WASHINGTON, July 25 (UPI) -- Solving America's epidemic of childhood obesity epidemic will require ensuring the nation's schools have adequate funding to support physical education and healthy nutrition programs, former U.S. Surgeon General David Satcher said Thursday.
Speaking at a news conference to announce an upcoming summit on making schools healthier for students, Satcher, who will serve as chair of the summit, said, "Obesity is on the way to becoming the leading preventable cause of death."
More than 300,000 deaths in the United States each year are associated with obesity, Satcher said. More than 30 medical and educational organizations and governmental agencies will participate in the summit, which will take place Oct. 7-8 in Washington.
Satcher noted the fight against obesity is "not about appearances ... or aesthetics. It's about health." Obesity is a leading risk factor for cardiovascular diseases, cancer and type 2 or adult onset diabetes, which is occurring in children as young as 10 years old, he said.
Satcher pointed out children who engage in physical activity programs at school and healthy nutrition perform better academically, so schools that cut these programs are "penny-wise and pound foolish." Not encouraging healthy lifestyles in kids leads to long-term health problems due to obesity that cost the healthcare system $120 billion each year, he said.
"We're going to pay sooner or later," said Satcher, adding it costs more to pay later so it makes more sense to fund schools adequately now, He noted cutting physical activity and nutrition programs should not be blamed on the schools. They are forced to make these cuts, he said, because American society is not providing the funding they need.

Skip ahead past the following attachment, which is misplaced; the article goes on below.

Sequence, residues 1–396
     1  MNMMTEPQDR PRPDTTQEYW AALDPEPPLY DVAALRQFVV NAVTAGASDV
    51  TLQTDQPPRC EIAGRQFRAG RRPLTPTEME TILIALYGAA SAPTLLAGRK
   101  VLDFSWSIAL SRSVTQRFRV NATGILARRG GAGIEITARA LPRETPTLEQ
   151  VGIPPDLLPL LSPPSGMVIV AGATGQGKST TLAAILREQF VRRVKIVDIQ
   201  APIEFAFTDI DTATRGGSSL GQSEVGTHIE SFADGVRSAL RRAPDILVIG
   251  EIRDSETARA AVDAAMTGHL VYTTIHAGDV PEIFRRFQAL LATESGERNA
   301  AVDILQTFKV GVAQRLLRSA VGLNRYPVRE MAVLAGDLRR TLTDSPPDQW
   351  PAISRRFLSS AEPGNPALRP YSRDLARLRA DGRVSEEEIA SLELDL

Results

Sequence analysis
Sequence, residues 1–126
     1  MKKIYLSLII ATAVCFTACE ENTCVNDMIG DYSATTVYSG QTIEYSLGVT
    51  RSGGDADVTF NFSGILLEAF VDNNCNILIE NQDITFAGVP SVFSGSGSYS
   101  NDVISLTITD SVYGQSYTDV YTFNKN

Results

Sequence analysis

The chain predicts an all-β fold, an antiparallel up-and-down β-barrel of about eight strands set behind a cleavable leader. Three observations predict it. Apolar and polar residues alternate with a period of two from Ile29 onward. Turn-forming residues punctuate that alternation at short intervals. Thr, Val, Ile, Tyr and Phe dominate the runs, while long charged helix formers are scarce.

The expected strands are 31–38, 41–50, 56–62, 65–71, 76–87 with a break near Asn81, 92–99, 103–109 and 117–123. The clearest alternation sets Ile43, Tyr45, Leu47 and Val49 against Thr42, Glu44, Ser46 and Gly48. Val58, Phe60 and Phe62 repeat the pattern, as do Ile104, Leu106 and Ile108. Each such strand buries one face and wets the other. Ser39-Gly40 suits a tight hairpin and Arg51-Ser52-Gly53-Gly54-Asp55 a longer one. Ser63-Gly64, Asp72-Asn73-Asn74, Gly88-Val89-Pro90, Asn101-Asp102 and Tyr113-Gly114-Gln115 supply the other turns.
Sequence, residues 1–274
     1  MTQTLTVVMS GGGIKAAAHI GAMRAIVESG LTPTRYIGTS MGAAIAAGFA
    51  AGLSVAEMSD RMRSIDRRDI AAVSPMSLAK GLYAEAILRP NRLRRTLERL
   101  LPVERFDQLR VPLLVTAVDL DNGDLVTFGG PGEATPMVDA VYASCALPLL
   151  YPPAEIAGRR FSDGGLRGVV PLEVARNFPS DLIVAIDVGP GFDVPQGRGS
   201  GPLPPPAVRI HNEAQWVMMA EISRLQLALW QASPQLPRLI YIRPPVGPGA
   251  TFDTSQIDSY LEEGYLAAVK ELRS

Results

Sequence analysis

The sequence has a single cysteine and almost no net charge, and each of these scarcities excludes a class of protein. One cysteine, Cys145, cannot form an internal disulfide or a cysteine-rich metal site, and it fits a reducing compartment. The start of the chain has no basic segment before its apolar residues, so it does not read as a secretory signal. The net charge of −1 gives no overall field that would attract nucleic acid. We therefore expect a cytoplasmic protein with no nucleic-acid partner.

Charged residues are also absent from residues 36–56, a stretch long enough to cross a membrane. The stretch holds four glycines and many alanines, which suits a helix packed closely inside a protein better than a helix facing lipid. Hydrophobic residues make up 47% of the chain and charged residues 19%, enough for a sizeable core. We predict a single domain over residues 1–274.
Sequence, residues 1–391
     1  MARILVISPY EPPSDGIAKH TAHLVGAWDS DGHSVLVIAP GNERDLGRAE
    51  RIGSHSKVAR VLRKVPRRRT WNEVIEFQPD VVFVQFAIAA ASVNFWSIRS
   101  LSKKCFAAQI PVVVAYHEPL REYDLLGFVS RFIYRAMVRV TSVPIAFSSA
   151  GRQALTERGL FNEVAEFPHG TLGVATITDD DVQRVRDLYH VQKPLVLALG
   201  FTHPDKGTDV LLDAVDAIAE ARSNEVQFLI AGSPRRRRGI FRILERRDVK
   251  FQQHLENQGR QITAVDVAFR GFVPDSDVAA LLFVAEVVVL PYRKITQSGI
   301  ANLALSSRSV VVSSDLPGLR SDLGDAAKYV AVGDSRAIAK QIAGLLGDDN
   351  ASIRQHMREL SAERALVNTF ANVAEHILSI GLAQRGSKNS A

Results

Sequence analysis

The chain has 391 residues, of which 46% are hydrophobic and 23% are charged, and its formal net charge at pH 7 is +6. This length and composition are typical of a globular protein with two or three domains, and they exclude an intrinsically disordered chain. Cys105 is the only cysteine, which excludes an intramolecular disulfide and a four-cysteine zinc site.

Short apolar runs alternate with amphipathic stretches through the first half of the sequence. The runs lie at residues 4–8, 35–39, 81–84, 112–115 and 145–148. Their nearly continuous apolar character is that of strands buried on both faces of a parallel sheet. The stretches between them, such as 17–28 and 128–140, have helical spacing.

William Potts-Datema of the Harvard School of Public Health agreed schools could make a big difference in reducing childhood obesity. In addition to encouraging healthy lifestyles among youth, another reason to support physical activity and nutrition programs is there is a "clear and compelling" link between such programs and improved performance in school, he said.
Children participating in breakfast programs at schools have higher standardized test scores and higher grades, Potts-Datema said, adding school food programs also are associated with higher intakes of vitamins and minerals, fruits and vegetables and other healthy food choices. Students involved in physical education classes achieve better math and reading scores and better behavior and mental health, he said.
Kids want healthier food and physical activity programs at schools, said Jinny Jang, health and social issues coordinator of the Maryland Association of Student Councils. Jang said she surveyed students across the country last month and found the overwhelming majority want healthier food options at school and more time for physical activity.
Karen Pertschuk, a public health nutritionist, told United Press International change in schools depends on concerned teachers and parents at the local level. Although schools need support from state and federal governments, ultimately it is up to parents and teachers to ensure schools offer healthier food choices.
Pertschuk said children will choose healthier food if it is offered to them and programs teaching them about and exposing them to nutritional foods in elementary school can have a lifelong impact.
She noted, however, the rates of childhood obesity are frightening and "we need to do something soon." For example, programs about obesity from federal governmental agencies such as the Centers for Disease Control and Prevention can promote better awareness about the condition in childhood. These campaigns have been effective for diseases such as HIV/AIDS, so a well-funded campaign targeted at obesity could help stem the increasing number of overweight kids, she said.
Satcher said educating the general population about the problems associated with childhood obesity should be a key goal of the October summit, over which first lady Laura Bush will preside as honorary chairwoman.